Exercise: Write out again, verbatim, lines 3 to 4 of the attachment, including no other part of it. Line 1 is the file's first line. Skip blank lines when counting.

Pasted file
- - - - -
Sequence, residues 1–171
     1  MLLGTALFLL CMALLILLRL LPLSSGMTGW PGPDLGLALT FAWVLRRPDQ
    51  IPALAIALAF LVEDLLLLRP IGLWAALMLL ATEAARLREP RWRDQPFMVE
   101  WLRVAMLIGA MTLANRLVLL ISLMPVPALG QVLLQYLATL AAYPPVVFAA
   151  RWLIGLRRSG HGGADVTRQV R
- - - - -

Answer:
    51  IPALAIALAF LVEDLLLLRP IGLWAALMLL ATEAARLREP RWRDQPFMVE
   101  WLRVAMLIGA MTLANRLVLL ISLMPVPALG QVLLQYLATL AAYPPVVFAA